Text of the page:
Arrival of Uber means fewer cabs, cab drivers

By AMELIA HAVANEC
Capital News Service
LANSING – Uber may be a household name, but the entrepreneurial ridesharing company reached Michigan only two years ago, tacking Detroit and Ann Arbor onto its momentum for global popularity. Since then, the service has expanded to Grand Rapids, Lansing, Flint and Kalamazoo. Meanwhile, many taxi companies, including ones in Michigan, have struggled to keep up with the technology and new business model Uber offers. And they face setbacks. In Grand Rapids, for example, the number of taxi drivers with active licenses is down 22 percent since last year, according to the city clerk’s office.

Uber ride-sharing service may be under threat in Michigan

By Jazzy Teen
Listen Up, Lansing 

LANSING – Uber, a worldwide ride-sharing company priding itself in efficient service and safety through a downloadable app, may be in trouble in the state of Michigan. On March 25, Uber drivers and protestors gathered at the Capitol while state legislature held a public testimony to determine the fate of Uber in the state and discuss restrictions they hope to impose on the company, except the vote is now being pushed off till a later time. The two bills, according to Mike White, Michigan’s Uber general manager, are Senate Bill 0184 and Senate Bill 0188. Michigan Legislature’s website includes full documentation detailing the two bills. The basis of Senate Bill 0184 would put transportation companies like Uber and Lyft, a ride sharing company out of Ann Arbor, at the same insurance standards as limousines while allowing cities to regulate the companies at their own discretion.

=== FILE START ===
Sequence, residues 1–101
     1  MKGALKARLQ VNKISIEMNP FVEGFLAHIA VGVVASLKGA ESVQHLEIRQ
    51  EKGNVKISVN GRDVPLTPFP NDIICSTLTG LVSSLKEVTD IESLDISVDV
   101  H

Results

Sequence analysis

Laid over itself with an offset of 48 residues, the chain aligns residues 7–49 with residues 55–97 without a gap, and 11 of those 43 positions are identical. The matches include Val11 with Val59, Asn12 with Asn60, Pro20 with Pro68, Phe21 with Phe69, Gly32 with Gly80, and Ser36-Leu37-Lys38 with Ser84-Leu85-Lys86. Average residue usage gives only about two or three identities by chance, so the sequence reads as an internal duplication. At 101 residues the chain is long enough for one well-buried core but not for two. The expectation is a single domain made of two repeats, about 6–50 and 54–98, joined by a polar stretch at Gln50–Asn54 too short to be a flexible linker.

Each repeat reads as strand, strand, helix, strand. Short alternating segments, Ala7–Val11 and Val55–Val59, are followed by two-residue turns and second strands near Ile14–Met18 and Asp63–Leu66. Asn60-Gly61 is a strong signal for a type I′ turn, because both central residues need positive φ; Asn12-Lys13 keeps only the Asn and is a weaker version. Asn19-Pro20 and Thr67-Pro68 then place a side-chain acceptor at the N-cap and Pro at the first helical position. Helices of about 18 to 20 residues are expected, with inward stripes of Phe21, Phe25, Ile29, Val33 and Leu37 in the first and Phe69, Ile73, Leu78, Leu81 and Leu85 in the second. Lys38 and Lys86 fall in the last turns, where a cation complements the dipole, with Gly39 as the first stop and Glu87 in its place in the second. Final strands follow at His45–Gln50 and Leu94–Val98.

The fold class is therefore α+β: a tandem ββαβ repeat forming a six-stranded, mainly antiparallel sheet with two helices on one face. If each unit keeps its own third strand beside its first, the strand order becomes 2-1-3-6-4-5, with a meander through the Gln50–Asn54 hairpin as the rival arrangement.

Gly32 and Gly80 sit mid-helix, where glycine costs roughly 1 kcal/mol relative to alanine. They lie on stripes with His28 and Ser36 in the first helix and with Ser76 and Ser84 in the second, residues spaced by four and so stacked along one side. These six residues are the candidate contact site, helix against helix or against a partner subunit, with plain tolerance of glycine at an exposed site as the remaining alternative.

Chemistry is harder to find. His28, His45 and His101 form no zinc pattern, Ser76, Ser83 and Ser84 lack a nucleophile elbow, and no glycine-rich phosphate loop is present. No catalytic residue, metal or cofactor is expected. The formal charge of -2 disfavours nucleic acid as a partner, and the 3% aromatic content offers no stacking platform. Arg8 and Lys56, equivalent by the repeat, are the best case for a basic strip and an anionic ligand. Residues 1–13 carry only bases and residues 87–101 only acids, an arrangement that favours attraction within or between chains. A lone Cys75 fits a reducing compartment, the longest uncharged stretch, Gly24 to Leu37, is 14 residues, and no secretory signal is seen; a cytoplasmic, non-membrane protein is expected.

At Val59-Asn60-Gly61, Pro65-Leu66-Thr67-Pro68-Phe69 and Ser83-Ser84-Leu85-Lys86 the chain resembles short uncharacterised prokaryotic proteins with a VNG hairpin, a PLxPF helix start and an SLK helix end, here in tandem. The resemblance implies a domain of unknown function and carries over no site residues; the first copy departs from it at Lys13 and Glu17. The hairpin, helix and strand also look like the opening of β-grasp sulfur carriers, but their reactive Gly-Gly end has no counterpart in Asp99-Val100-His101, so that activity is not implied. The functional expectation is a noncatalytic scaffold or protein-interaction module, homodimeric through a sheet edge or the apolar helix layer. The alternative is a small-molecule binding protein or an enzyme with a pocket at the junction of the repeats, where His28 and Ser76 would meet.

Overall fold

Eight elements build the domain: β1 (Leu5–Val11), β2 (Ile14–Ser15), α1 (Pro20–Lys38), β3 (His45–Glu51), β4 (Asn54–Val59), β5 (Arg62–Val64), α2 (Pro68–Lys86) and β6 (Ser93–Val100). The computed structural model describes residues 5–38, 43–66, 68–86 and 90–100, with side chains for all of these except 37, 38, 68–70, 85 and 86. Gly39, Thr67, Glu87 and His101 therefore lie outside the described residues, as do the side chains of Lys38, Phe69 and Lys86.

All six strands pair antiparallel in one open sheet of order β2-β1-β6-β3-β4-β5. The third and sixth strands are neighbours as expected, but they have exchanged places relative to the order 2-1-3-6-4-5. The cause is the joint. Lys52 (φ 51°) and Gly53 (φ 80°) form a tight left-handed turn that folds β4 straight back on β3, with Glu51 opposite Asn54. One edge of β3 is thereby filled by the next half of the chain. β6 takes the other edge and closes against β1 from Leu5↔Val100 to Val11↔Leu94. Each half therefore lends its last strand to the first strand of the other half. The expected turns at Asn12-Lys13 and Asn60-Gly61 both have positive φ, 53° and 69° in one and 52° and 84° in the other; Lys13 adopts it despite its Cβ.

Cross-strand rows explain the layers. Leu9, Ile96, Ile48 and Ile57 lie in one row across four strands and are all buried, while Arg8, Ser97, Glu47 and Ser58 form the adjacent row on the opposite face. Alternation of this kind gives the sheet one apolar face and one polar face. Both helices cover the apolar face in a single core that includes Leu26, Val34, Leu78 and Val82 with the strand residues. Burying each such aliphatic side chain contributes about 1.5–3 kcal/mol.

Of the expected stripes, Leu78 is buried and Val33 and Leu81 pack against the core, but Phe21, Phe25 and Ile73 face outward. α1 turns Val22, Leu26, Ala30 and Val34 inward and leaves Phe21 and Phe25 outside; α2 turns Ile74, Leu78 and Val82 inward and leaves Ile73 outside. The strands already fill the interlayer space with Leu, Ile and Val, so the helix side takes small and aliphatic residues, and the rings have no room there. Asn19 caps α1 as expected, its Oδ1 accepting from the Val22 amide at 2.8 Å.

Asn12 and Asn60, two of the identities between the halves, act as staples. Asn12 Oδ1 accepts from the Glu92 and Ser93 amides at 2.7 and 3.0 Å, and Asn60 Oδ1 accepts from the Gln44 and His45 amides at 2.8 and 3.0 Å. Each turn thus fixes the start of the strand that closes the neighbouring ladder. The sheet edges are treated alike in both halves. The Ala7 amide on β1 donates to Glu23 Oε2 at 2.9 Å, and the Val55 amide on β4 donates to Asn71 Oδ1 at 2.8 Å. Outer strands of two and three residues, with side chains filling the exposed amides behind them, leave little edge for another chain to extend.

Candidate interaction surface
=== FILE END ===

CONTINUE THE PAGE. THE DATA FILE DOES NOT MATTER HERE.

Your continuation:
Lawmakers move to regulate Uber statewide

By CHEYNA ROTH
Capital News Service
LANSING – Who should be in charge of regulating Uber, the app-based network of independent taxi drivers that’s operating in cities across Michigan? A state representative thinks the legislature should make the rules to provide consistent statewide regulation. But local governments that have already negotiated regulations with Uber and traditional taxi companies think the state should mind its own business. Uber is an entrepreneurial taxi service that connects people in need of a ride with approved drivers through a mobile app. An Uber driver can be anyone over 21 who has signed up, passed a background check, and owns a reliable vehicle with insurance.